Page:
This is true about most things. You can implement all the technology you like, but ultimately it is a combination of that technology, focused strategy and discipline (aka management) that moves the needle and all of these aspects involve people.
So what's the point? The point is that when it comes to investing in technology, whether it be Salesforce or any other, it is critical to remember that success will largely be driven by people. How people use the system. How they choose to perceive the system. Do they view the system as something that will assist them in achieving their goals or will they view it as an obstacle? These are not new questions and they are not specific to technology roll outs. They apply to any large scale initiative that affects large numbers of employees. Ever heard a co-worker say "Oh I think that's a silly idea. Nobody ever asked us what we thought."? My analysis of a comment like this has very little to do with the initative been disparaged. Rather it has everything to do with the fact that the employee feels disconnected from the initiative They don't have a stake in its success and they don't understand the reasons behind it.
The bottom line is that as human beings we support initiatives we feel we have a stake in. Successful advertising and political campaigns are examples of this from the public sphere. I hear the skeptics out there saying "But you can't have the whole company on the implementation team." Ok then, think about it like this. The most successful example of this 'stakeholder' mentality are sports fans. Ultimately the fan has very little physical connection to the team but any of us that are one or know one realizes how vested they can be in their teams' success. Think of a Steelers Fan with their little yellow towel or the most loyal of all, a Dallas Cowboys fan. So let's remember how important it is to develop a strategy that encourages the user base to take a stake in the success of the project, whether it be Salesforce or any another important company wide initiative.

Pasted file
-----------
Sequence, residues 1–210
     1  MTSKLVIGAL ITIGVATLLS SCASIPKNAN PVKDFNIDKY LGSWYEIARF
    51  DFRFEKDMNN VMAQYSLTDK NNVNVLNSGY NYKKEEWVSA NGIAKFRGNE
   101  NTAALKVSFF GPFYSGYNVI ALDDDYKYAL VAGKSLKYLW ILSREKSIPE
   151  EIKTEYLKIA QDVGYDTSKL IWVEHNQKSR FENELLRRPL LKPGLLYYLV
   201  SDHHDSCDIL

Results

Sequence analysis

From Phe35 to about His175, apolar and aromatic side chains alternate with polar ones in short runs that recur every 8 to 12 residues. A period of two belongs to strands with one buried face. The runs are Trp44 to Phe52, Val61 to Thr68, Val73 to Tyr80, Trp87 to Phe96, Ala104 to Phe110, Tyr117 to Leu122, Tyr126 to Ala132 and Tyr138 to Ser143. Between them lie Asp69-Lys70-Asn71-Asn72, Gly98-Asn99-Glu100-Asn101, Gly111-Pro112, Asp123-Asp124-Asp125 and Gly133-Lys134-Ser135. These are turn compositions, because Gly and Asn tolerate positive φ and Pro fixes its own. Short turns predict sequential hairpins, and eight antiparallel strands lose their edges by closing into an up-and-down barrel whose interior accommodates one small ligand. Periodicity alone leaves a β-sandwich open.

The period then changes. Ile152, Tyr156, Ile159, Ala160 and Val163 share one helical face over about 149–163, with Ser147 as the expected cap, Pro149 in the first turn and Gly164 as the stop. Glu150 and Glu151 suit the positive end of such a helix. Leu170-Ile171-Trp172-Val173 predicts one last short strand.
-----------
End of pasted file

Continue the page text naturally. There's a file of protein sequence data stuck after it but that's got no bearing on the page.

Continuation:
Now, I will be the first to admit that this is not an easy goal to achieve and it won't be solved with a few glossy posters in the hallways. It will take a lot of work. That said, however, the payoff in terms of adoption if you can achieve 'buy in' are huge and will pay off for the life of the project. So when it comes to technology projects, sure think about customization, code and workflows but don't forget your people.
Andrew Bartels has been recognized by Salesforce.com as one of the leading innovators with regard to implementing Salesforce.com in the insurance vertical. As a CTO for a Top 100 Independent Insurance Agency, he oversaw the deployment of a Salesforce.com system in 2010. Over the next three years, he focused on customizing the system and implementing best practices for the insurance industry, ultimately generating a significant ROI for the firm. Andrew brings years of hard fought experience to our clients so that they can accelerate their ROI in implementing Salesforce.com.